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1/48 Pheon decals poll
berman posted a topic in Aircraft WWIPheon Decals produces many WWI decals in 1/48th and 1/32nd scale. However, many of their great 1/32nd scale subjects are not available in 1/48th scale. If you would like to see these made in 1/48th scale please send an email to Rowan at email@example.com It would be an excellent idea to order some decals to show your support. They have an excellent website.
more to come Jonners
Pheon Decals Gloster Meteor F.4 Decals. 1:32
Shar2 posted a topic in Decals & MasksGloster Meteor F.4 Decals 1:32 Pheon Decals Pheon Decals are probably best known for their superb range of decals for World War 1 aircraft in the three major scales. But with the release of the HK Models 1:32 Gloster Meteor F.4, Rowan has branched out and released two fabulous sets of decals for this kit. The two sets each provide markings for two aircraft along with enough stencils for one model. Presentation of the sets is beautifully done too, with a colour profile of the two options printed on one sheet of glossy printer paper along with two further sheets depicting the top and bottom views respectively. These are so good the modeller could easily mount them in a frame on completion of the build and would look resplendent on the man cave wall. Two other sheets, printed on standard paper, one double sided is provided to give clear and accurate locations for all the stencils on each side, top and bottom of the fuselage along with the upper and lower wings. A small A5 booklet completes the set with a brief history of each squadron, a note on the paintwork of the Meteors, some information on details the HK kit is missing, notably certain panels and instructions on the best method for applying the decals. The research taken is self evident and the decals are beautifully printed, with excellent colour density and opacity, whilst keeping the carrier film to a minimum. The large areas of carrier film usually seen on the underwing codes have been reduced to the minimum. There is just a thin strip of film at the top and bottom of each code, just enough to keep them together at the correct distance, yet dramatically reducing the possibility of silvering. Volume 1, (32054). Contains markings for the following:- VT219 C 63 Squadron, RAF Thorney Island, Hampshire, 1950 VZ420 1 Squadron, RAF Tangmere, Sussex, 1950. Whilst Volume 2, (32055). Contains markings for:- VT413 W 56 Squadron, RAF Waterbeach, Cambridge, 1951. VZ240 263 Squadron, RAF Acklington, Northumberland, 1950. Conclusion Rowan has kept the quality of these sets well up to his usual, may I say fastidious standard. All in all a superb package, well thought out and printed, especially with those glossy colour profiles. For once Im running out of superlatives, but if you have one or more copies of the kit then you need these decals. Very highly recommended Review sample courtesy of Pheon Decals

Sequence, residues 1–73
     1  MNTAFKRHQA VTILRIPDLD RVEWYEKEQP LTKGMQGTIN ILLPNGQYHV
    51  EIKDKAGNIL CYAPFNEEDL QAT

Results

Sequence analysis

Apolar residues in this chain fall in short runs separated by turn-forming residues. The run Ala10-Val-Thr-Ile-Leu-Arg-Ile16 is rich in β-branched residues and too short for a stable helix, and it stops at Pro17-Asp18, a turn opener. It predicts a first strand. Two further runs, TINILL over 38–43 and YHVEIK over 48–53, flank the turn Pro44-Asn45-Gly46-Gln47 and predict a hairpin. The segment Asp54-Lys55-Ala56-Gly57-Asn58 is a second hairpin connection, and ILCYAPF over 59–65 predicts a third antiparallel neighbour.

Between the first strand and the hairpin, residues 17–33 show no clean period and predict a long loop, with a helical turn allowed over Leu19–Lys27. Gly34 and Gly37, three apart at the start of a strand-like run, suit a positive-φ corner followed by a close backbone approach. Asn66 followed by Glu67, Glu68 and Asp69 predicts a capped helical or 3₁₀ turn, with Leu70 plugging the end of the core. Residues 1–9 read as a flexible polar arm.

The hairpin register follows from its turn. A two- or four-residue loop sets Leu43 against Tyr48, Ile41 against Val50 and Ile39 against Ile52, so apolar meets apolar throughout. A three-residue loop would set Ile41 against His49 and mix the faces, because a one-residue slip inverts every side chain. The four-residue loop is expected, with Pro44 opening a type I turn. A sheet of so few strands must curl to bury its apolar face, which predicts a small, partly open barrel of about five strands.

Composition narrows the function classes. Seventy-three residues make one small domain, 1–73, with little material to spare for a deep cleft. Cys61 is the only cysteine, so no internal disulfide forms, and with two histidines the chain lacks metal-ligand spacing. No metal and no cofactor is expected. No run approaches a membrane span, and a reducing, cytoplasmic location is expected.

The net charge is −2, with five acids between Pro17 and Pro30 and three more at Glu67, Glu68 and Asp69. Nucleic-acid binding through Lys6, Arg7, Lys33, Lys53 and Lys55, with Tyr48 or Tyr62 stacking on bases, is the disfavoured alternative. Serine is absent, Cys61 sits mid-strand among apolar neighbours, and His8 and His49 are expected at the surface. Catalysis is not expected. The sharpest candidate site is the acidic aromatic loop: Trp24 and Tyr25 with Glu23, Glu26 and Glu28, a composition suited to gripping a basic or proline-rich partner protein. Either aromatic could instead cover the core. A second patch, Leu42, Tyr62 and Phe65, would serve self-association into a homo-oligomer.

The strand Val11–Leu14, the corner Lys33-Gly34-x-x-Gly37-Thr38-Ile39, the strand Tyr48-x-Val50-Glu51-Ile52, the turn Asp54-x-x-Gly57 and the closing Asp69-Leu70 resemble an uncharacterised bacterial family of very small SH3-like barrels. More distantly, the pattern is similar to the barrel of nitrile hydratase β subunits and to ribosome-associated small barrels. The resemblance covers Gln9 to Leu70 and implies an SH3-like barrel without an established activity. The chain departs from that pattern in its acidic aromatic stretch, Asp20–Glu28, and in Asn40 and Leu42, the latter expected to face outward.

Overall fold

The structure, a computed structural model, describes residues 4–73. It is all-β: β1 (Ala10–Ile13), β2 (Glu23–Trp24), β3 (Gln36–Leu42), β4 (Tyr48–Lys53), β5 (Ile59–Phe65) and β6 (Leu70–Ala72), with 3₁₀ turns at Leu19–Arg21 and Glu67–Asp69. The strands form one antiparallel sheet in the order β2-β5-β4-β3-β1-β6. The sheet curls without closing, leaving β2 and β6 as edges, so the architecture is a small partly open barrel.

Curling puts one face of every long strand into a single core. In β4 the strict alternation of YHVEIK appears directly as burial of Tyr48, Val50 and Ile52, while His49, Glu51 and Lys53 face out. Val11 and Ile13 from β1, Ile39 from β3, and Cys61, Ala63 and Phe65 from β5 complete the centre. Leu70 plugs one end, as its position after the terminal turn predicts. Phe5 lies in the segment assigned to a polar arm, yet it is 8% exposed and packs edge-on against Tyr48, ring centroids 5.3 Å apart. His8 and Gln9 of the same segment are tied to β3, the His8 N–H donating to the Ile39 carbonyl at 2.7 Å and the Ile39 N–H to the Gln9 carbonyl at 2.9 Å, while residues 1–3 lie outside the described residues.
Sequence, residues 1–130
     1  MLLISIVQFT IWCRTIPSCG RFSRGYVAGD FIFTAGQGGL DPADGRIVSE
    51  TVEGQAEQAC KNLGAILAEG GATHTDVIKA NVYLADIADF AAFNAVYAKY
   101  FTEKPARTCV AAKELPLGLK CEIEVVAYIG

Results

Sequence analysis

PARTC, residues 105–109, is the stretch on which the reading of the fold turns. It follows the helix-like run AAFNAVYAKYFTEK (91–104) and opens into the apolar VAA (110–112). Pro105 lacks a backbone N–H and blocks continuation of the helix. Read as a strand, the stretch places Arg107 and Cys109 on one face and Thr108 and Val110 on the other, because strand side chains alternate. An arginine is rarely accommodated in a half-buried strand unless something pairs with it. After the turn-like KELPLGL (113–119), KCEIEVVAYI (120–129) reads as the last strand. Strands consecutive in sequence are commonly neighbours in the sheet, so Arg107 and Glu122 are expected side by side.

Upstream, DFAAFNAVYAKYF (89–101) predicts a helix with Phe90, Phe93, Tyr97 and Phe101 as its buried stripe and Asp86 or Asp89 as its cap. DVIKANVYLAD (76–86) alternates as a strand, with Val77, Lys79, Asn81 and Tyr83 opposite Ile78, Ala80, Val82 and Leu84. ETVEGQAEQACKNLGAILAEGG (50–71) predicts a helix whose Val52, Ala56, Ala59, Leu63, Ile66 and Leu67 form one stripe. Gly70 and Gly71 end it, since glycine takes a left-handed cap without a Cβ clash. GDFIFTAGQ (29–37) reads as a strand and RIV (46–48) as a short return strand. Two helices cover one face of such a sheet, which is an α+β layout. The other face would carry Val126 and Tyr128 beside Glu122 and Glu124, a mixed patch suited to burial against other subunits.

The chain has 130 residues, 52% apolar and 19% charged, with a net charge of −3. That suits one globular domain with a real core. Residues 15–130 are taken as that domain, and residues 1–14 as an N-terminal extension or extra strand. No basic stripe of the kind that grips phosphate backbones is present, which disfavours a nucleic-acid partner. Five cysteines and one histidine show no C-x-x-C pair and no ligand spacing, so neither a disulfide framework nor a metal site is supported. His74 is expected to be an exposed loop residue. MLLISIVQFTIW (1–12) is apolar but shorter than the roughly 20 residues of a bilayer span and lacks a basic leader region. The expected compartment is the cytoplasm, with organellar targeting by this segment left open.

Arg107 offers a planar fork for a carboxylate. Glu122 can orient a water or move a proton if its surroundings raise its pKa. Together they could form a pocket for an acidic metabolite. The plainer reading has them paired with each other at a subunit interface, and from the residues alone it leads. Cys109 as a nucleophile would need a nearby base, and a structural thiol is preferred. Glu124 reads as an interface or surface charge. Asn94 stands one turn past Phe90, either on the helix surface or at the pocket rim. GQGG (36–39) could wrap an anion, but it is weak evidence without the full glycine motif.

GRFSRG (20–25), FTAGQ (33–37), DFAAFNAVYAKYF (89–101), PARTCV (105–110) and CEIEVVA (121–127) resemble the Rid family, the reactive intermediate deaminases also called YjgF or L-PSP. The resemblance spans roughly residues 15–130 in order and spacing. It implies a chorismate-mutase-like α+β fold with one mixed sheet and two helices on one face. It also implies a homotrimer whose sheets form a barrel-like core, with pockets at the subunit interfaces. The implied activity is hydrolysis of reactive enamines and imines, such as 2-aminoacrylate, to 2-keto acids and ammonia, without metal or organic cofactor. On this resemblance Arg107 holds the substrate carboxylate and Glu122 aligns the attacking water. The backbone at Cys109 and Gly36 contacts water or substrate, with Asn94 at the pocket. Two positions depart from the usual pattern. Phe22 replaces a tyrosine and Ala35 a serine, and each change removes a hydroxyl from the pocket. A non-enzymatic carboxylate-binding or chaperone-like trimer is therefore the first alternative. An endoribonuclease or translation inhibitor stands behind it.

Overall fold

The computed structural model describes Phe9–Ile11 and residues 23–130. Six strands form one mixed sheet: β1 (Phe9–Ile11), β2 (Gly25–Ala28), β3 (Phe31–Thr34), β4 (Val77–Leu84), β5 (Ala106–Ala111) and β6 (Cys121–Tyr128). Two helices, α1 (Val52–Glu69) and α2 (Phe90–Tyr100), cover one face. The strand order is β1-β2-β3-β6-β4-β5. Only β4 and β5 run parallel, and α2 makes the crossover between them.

I'm going to build the SE5a of one of my heroes, a man who did everything in life that I could have ever wished to do: James Ira "Taffy" Jones flew fighters with 74 Squadron, claimed thirty-seven enemy aircraft (1 balloon, 28 (and 1 shared) aircraft destroyed, and 6 (and 1 shared) down out of control), wrote three books, and returned to service for World War II to train pilots. 16-victory RAF ace Peter Malam Brothers recalled: "at Uxbridge there was this splendid First World War pilot, Ira Taffy Jones, who stuttered terribly. One day he stood up and said 'There is going to be a b-b-bloody wa-wa-war and you ch-chaps are going to be in it. I'll give you one piece of advice - wh-wh-when you fir-first get into combat you will be fu-fu-[redacted] fr-frightened. Ne-never forget the ch-chap in the other cock-cockpit is tw-twice as fu-[redacted] fr-frightened as you are.' I reckon he saved my life with that piece of advice. In my first combat over France, I suddenly thought, My God, the chap in that other cockpit must be having hysterics, and shot him down. But I give all credit to Taffy." The irascible Jones was an indifferent pilot who never quite mastered the art of setting the plane down (the aircraft I'm modelling was in fact written off by him in a rough landing), an excellent deflection shooter, a teetotaller during the war (but not after), and he nursed a fierce antipathy to all Germans, famously gunning a balloon observer down as he dangled in his 'chute: "My habit of attacking Huns dangling from their parachutes led to many arguments in the mess. Some officers, of the Eton and Sandhurst type, thought it was 'unsportsmanlike' to do it. Never having been to a public school, I was unhampered by such considerations of form. I just pointed out that there was a bloody war on, and that I intended to avenge my pals." During the interwar period, Jones met Hermann Goering while serving as personal pilot to Sir Sefton Brancker: "Sir Sefton said "'I wonder if you two ever met in an air fight, Taffy.' 'He wouldn't be here now, sir, if we had met,' I retorted. Brancker laughed, but Goering did not." Taffy also idolized his squadronmate Edward "Mick" Mannock and disliked and distrusted the Canadian VC winner Billy Bishop; The first biographer (perhaps hagiographer) of Mannock, Jones played a key part in the postwar score calculations that left Mannock officially the top-scoring RFC ace of WWI. Perhaps most famously, during the Battle of Britain, Jones pursued a Ju88 in an unarmed Hawker Henley, firing a Very pistol at it. As you can see, Taffy Jones was quite a character, a man who lead a life straight out of a Boy's Own serial, and I've always felt an immense fondness for him. When I learned that Pheon did a 1/72 decal sheet that included markings for his plane, I knew I had to have it. And so here we are: I'm going to try rigging this with Uschi ultrafine rigging thread. I tested it last night on "one I'd done earlier", and it seemed to work okay for me: I'm using the Roden kit, of course, and if you've ever built one of their World War I kits in 1/72 before you've perhaps winced and nodded. If you haven't, well Roden kits are seemingly designed to ace in-box reviews, with beautiful surface detail and incredible parts and variant options. They are also tooled in Hell with the CAD done by the Devil himself, and they suffer from poor fit, fragile parts, and decals that explode into a million fragments on contact with water. Their instructions leave a little to be desired as well. Behold Part 34A on the instruction drawing, then cast your eyes upon the actual part 34A. Hardly recognize them as the same piece, would you? I'm an idiot, so I expect this build will be a challenge.